Postural distortions affect optimal movement and the efficiency of the Human Movement System. The altered movement patterns manifest in many ways (chronic suboptimal posture, habitual, repetitive movements, recovering from surgery, etc.). One of the most common postural distortions is known as “Janda’s upper crossed syndrome.” Which includes a rounded upper back, elevated shoulders, rotated shoulders, and winging of the scapulae. Each one of those indicators contributes to inhibited overhead movement. Using a doorway stretch helps release many of the muscles responsible for the altered movement presented with the upper crossed syndrome.
The TRX is my personal favourite mobility tool for the glenohumeral joint. As you can see in the video, the TRX provides many positions to stretch from. In the doorway stretch, we use 3 positions: T-Spine, Y-Spine, and I-Spine, each describing the arm positioning relative to the torso. Each position stretches the pecs differently and prioritizes different secondary stretch muscles (I-Spine prioritizes lats, whereas T-Spine prioritizes anterior deltoids and biceps). When trying to improve flexibility, stretch diversity is important.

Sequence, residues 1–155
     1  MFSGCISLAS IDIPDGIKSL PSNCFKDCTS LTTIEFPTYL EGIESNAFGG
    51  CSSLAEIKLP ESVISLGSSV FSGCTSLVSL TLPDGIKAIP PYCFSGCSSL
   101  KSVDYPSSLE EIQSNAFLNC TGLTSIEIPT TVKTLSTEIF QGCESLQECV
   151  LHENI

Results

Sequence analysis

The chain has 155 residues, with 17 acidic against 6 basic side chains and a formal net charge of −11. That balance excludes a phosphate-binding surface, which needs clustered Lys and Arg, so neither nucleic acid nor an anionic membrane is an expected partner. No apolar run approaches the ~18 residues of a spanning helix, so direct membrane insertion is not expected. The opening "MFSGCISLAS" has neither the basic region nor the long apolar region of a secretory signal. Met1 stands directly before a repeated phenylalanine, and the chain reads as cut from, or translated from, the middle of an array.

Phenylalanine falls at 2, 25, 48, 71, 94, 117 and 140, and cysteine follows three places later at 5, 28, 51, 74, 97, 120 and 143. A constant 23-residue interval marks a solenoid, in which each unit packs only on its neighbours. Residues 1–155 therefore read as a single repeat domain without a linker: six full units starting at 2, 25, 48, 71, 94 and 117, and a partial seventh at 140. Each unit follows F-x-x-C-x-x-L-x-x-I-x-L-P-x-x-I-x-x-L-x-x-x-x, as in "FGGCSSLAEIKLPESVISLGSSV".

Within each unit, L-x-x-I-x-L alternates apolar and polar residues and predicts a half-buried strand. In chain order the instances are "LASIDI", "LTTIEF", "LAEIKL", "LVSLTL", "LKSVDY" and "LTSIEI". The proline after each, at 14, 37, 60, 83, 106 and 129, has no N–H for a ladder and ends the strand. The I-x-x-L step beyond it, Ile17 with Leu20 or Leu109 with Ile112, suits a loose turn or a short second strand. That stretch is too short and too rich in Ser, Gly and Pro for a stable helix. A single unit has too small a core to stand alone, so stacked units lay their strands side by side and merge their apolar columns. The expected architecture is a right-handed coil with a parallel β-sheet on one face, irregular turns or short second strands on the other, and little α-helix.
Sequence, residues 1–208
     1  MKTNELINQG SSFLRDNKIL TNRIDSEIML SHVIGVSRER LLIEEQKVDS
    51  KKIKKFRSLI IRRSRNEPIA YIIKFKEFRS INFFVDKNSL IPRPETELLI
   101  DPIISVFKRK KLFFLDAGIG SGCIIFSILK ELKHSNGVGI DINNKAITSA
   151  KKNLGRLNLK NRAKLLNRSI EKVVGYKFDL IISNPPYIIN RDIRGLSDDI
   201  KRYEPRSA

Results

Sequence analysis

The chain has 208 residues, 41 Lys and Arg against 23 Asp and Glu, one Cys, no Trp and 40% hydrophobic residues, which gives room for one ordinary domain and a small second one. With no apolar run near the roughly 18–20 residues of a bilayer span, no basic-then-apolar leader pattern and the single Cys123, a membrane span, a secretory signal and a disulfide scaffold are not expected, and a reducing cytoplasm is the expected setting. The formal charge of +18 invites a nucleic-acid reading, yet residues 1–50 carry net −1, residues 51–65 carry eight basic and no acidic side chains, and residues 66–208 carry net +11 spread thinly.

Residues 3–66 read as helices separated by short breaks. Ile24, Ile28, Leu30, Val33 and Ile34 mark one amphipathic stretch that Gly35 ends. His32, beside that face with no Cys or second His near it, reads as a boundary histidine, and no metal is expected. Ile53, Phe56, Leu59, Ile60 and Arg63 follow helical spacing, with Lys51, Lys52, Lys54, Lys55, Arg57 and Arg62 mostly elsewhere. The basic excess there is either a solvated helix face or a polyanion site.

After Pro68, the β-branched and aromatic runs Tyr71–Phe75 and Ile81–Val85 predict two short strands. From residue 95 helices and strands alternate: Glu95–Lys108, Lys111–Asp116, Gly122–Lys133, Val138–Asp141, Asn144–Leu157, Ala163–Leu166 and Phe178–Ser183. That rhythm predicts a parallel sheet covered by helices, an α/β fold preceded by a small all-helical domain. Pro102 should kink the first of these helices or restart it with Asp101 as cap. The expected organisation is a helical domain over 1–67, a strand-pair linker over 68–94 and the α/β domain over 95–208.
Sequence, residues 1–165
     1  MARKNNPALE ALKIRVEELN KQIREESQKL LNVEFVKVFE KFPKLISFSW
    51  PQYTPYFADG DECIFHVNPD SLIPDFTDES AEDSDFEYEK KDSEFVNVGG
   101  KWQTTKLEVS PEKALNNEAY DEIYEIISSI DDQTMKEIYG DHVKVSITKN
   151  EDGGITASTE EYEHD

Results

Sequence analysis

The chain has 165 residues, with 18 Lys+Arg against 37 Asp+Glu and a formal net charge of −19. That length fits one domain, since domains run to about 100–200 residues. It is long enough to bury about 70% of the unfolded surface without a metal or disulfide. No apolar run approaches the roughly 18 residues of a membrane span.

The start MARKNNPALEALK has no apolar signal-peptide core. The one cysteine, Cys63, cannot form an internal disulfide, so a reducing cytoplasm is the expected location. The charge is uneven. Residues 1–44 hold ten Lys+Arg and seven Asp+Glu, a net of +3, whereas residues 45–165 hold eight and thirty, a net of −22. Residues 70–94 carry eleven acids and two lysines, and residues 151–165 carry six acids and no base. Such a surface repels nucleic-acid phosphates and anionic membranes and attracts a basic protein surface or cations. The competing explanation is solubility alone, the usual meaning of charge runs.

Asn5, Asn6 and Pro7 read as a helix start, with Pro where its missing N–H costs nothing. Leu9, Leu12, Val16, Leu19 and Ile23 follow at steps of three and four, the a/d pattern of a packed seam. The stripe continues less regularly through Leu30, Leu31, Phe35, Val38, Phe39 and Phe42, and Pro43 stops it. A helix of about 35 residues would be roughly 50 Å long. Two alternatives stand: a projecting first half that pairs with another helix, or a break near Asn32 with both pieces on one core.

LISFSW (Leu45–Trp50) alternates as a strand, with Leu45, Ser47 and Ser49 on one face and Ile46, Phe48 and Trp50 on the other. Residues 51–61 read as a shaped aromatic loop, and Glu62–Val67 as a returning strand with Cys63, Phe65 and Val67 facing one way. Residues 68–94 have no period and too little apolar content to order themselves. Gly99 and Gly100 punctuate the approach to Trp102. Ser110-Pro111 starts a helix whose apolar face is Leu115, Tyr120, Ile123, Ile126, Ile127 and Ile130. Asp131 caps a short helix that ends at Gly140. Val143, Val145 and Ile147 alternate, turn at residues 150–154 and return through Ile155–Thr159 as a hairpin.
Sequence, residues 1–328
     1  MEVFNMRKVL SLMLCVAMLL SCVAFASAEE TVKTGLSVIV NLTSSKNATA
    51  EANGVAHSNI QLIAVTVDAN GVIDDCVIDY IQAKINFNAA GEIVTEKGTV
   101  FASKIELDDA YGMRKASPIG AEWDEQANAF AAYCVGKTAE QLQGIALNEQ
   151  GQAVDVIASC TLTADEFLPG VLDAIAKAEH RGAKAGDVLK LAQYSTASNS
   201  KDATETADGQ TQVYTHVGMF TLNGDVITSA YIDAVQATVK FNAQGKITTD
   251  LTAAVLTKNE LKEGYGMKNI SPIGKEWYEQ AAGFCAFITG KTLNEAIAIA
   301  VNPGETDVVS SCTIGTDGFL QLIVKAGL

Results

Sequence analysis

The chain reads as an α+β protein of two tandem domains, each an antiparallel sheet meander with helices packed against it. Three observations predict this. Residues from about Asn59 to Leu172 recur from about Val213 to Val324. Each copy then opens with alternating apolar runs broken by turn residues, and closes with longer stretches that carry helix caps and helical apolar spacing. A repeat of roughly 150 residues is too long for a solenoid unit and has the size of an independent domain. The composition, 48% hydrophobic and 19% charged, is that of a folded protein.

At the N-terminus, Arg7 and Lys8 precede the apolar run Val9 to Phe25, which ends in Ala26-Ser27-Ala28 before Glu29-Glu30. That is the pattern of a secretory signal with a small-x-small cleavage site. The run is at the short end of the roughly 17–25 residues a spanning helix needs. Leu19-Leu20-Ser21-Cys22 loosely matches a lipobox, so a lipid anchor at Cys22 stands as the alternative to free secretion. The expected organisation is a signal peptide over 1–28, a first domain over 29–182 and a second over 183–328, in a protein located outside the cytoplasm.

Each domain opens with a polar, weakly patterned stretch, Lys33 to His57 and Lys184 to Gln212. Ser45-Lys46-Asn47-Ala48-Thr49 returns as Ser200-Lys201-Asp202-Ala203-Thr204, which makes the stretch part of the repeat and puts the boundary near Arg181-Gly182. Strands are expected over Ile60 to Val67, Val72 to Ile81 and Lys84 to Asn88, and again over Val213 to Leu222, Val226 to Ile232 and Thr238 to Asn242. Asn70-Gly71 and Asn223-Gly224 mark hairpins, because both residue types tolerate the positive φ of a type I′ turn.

Using a split stance allows for a gentle “bounce” in and out of the stretched position. Like adding a press into the stability ball to engage an active stretch, we can “bounce” our body further through the TRX to increase the stretch on the shoulders. The pulsing introduces a slight increase in stretch followed by an immediate release of the stretch. This provides similar benefits experienced in the Static Ball Latissimus Dorsi stretch. Always ensure that the cervical spine is neutral (never pushing the head towards the wall in front of you).